Biggest problem I ever had with VLC was it’s tendency to take total control of all the files formats on my computer. I preferred another player and only wanted to use VLC for the files it couldn’t handle but it would periodically reset all of the files to use itself only no matter how many times I configured it to not change those files.

    Yes I was setting VLC to know that it shouldn’t play those file types but it did anyway and I’d have to go back in and tell it to leave them alone, then change them back. That’s why GOM is now my player of choice.

  9. Haakon Aas

    Just a short comment…to many of the postings :-)
    IF you are ALL happy with the player(s) you use… use it (them) :-)))
    But, its not a bad idea to try some of the others once awhile.
    A lot of work is put into making them better (most of the popular ones).
    It mostly depend on what sort of files you want to play, but also how used you are to the players you use. (OR, it is to me… :-)
    Nowadays I mostly use VLC- but also have others installed – for “hard to play” files.
    I have never had any problems with having several installed.
    (maybe ALL are based on Mplayer…. as I use THAT too at times (with the Mega pack installed)

  10. njwood60

    How to stop the font cache issue in VLC
    Tools / preferences
    Click the “all” radio button under “show settings” bottom left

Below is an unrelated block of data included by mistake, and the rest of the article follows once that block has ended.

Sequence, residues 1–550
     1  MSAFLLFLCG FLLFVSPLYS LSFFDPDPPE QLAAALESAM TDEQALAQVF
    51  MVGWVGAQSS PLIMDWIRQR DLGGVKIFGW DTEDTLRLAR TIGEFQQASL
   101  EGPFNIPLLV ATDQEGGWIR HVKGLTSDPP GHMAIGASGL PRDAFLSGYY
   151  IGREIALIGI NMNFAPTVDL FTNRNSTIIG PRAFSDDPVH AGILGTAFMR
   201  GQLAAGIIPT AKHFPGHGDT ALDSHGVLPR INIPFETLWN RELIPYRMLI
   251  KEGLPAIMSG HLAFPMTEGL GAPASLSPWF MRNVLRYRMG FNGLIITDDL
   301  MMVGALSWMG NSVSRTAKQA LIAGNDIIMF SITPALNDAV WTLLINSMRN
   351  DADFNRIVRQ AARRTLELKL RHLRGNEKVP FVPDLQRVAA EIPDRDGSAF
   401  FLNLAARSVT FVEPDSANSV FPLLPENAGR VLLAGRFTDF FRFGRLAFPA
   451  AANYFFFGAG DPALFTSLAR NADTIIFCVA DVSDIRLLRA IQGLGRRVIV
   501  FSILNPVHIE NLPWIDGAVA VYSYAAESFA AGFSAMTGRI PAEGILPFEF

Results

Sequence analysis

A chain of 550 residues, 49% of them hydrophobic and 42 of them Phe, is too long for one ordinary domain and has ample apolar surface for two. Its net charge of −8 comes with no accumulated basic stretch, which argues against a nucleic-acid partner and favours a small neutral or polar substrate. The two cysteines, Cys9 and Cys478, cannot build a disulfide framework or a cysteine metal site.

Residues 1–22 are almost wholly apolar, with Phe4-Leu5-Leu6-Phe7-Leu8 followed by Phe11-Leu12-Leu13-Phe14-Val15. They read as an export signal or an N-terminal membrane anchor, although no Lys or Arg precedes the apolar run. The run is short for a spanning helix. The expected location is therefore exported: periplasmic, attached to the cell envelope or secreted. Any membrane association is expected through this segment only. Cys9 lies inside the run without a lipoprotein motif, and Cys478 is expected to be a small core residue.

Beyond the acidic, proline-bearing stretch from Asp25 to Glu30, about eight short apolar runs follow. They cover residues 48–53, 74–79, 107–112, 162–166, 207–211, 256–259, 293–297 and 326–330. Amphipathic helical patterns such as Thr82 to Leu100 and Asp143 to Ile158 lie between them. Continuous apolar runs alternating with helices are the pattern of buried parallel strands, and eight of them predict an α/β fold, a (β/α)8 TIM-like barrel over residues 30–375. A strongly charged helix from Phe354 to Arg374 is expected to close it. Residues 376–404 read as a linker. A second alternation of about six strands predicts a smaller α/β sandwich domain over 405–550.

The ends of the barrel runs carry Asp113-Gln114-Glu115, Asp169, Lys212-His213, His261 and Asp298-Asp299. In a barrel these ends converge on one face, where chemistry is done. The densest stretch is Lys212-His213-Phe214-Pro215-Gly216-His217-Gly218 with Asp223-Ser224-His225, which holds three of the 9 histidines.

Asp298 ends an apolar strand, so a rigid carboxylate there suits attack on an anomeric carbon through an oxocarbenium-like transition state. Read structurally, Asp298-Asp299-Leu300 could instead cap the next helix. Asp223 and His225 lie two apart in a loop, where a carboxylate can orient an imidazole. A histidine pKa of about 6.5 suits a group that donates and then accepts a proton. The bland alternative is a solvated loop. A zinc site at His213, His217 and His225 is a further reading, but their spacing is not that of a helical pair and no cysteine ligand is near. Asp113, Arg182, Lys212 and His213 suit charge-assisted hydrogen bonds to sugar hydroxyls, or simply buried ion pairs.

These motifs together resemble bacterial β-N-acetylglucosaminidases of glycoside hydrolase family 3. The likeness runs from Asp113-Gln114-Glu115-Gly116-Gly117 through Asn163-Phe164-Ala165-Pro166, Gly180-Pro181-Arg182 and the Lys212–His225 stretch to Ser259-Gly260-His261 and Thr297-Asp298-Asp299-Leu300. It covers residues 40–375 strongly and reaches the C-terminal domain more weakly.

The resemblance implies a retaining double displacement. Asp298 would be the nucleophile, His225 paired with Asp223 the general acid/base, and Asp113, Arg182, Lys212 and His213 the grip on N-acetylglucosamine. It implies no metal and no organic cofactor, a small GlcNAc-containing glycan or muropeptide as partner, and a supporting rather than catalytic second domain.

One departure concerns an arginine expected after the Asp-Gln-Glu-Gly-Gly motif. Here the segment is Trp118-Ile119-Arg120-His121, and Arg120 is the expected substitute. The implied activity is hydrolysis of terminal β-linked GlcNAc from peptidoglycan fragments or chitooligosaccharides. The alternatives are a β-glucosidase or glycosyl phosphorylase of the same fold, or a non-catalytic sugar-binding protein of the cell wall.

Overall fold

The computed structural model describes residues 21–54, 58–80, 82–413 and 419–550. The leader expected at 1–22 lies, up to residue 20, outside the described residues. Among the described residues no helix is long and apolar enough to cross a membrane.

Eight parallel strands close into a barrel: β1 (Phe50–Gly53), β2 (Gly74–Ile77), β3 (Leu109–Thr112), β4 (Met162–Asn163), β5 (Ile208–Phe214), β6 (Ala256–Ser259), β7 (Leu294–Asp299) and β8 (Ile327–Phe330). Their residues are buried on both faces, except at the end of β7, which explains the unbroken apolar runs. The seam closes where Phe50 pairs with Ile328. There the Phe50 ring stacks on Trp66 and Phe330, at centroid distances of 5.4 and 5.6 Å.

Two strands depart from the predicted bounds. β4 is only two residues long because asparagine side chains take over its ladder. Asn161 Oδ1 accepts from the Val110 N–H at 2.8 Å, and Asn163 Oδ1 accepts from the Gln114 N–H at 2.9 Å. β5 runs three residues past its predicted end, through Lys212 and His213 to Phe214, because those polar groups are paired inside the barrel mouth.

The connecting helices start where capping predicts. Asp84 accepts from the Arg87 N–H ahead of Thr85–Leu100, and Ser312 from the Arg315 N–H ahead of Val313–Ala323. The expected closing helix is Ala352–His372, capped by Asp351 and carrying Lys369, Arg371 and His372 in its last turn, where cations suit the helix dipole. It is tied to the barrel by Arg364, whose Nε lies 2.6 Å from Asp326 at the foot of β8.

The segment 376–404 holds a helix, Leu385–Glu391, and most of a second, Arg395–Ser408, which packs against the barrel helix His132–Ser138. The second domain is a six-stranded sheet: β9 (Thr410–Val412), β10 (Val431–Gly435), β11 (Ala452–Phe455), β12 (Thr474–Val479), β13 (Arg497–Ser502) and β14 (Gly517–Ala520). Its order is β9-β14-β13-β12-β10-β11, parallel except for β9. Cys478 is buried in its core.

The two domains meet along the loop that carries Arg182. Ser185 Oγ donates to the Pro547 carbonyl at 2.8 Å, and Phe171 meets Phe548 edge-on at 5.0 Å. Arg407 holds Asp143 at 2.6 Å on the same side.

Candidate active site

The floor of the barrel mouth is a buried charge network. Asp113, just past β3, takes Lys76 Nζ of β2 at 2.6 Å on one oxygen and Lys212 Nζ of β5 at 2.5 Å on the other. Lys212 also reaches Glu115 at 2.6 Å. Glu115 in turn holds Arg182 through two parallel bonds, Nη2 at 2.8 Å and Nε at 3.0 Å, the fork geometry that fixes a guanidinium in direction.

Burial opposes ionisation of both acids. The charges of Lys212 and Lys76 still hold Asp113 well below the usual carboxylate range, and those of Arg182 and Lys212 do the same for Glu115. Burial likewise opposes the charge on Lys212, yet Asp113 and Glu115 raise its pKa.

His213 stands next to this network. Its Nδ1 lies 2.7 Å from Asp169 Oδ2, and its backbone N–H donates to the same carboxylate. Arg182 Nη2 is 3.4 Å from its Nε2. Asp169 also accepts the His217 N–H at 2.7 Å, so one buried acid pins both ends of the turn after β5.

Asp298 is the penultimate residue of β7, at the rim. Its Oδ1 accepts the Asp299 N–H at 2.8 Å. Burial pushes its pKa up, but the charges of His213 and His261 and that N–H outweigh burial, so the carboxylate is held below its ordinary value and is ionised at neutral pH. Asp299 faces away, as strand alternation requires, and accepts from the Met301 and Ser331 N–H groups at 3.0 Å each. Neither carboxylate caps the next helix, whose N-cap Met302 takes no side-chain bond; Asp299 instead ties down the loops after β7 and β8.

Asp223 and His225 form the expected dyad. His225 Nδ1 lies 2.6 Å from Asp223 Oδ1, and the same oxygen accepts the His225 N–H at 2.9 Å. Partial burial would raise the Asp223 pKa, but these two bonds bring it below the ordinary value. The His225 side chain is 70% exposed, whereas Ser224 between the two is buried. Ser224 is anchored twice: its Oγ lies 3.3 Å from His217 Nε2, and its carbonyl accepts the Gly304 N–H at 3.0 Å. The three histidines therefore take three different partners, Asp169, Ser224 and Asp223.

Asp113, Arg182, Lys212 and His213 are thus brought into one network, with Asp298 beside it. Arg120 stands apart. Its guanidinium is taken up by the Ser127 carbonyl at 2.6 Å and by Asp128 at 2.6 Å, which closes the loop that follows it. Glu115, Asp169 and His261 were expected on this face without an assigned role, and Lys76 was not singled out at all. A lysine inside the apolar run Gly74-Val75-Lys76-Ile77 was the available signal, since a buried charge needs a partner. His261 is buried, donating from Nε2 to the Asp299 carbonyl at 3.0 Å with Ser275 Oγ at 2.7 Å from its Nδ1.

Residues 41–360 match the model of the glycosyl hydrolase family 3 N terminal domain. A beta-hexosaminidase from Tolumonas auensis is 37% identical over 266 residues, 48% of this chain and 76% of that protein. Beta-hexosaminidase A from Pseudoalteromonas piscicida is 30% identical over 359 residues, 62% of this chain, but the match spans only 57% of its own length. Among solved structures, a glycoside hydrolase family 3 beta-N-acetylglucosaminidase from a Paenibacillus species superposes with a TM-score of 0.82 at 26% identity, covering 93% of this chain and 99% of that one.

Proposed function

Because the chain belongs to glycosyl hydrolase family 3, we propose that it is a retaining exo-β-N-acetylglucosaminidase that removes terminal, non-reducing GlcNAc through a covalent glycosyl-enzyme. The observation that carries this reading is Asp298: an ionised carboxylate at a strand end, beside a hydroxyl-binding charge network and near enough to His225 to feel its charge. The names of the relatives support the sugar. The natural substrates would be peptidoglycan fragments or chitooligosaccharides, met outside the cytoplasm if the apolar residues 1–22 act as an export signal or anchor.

Click Video / Subtitles OSD
    In the text rendering module drop down box choose “Dummy font renderer function”

    I suspect this has some bearing on how subtitles are rendered, but as I don’t play videos with subtitles I don’t need the functionality. Not sure how it behaves if you do have subtitles.

  11. Horrabin

    Curiously, once in a while I get a Netflix DVD that nothing but WMP will play. No unusual formats or anything, just none of the others will play them…….
    Otherwise I use MPC or VLC for video. I really like WMP’s UI for music but the playback is horrible on my 5.1 setup with Soundblaster X-Fi Extreme card. Vocals especially fade in & out and back & forth between the speakers, sometimes nearly a phase-shifter effect. All other other players render perfectly but I don’t like any of the library/playlist interfaces much. I’m using Winamp these days for audio playback but the interface is possibly the worst of the whole bunch.

  12. Ashraf
    Author/Mr. Boss